Yvegeny Kafelnikov: Poker King
Yevgeny Kafelnikov: The 'stubborn Russian nut' who has given up tennis to play poker
15 November 2004
Yevgeny Kafelnikov. It is a name one might almost expect to find at the top of a "Where are they now?" feature. Five years ago, he was ranked top male tennis player on the planet. Yet without officially declaring his retirement, the 30-year-old Russian, twice a Grand Slam champion and Olympic gold medallist in Sydney, has disappeared from the tournament scene, a characteristically enigmatic career move by one of the quirkiest men ever to play top-level tennis. Or top-level anything, come to that. "A stubborn Russian nut," the assessment of his former coach, Larry Stefanki, might be considered an understatement.
Where Kafelnikov is now - at least on the chilly November day I meet him - is in Maidstone, Kent. He is here to compete in the 888.com Pacific Poker Open, which has a bigger cash incentive than many of the tennis events he played in: $10,000 (£5,400) just to get through round one, $500,000 to the eventual winner. Even when the prize is not so alluring, it is at the card table that Kafelnikov gets his kicks these days. But he doesn't play just for kicks. Just as Stefanki once coached him in tennis strategy, so he has hired his compatriot Kirill Gerasimov, professional poker's Rookie of the Year in 2002, to do the same with a deck of cards.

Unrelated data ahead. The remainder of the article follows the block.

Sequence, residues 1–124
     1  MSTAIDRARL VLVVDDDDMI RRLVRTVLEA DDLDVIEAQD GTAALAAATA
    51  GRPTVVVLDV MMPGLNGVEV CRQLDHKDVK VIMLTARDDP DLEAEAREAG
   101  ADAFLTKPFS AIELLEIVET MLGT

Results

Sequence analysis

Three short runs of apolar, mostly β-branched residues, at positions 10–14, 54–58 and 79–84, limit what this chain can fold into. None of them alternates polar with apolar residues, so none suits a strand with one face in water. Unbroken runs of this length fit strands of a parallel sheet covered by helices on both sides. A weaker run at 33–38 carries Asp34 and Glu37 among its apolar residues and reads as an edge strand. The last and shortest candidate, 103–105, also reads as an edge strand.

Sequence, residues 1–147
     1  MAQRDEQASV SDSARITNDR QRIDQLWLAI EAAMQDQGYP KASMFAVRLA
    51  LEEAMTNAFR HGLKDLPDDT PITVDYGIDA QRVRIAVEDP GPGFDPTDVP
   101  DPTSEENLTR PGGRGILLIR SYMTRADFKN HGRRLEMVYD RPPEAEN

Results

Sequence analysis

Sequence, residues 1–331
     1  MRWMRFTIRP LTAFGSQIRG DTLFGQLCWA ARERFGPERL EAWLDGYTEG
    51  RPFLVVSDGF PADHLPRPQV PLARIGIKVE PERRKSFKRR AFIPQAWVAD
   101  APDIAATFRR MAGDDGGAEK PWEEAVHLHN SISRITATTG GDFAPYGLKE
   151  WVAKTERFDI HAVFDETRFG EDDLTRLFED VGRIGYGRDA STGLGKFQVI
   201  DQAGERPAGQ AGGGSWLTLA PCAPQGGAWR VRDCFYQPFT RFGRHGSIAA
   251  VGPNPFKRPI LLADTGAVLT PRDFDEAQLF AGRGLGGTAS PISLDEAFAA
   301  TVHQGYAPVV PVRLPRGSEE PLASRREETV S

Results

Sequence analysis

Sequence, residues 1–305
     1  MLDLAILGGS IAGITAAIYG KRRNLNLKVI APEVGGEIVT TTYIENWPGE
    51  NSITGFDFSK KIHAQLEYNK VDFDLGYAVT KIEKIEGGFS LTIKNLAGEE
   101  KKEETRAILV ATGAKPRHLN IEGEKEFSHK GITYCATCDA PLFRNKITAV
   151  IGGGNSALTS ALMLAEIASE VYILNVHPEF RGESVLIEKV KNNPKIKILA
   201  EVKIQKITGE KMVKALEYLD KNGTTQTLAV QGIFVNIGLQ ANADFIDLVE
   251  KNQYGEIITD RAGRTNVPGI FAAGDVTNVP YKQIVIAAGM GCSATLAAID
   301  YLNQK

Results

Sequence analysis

Under Gerasimov's tutelage Kafelnikov seems to be developing into a formidable poker player. At a tournament in Moscow he knocked out Dave Colclough, the Roger Federer of European poker. But by all accounts he needs to introduce a little more subtlety and stealth into his game. "He's very aggressive and likes to bully the table," says a poker devotee of my acquaintance. "He plays poker rather like he plays tennis."
Plays tennis? Or played? I confront the man himself with the $64,000 question. And like the poker player he has become, he takes my $64,000 question and raises another $64,000 question.
"I have retired," he tells me, with the ghost of a smile. "But I have not officially announced it yet. Some people still think I am just taking a break, but I believe that my time in tennis has gone by. Even if I came back, I would have no chance to play at the level I was. Tennis is a young man's sport right now. Obviously there are some exceptions, like [Andre] Agassi. He's 34 and still competing, but he's the one and only. And I played 1,000 matches in my tennis career. That's more than enough, no?"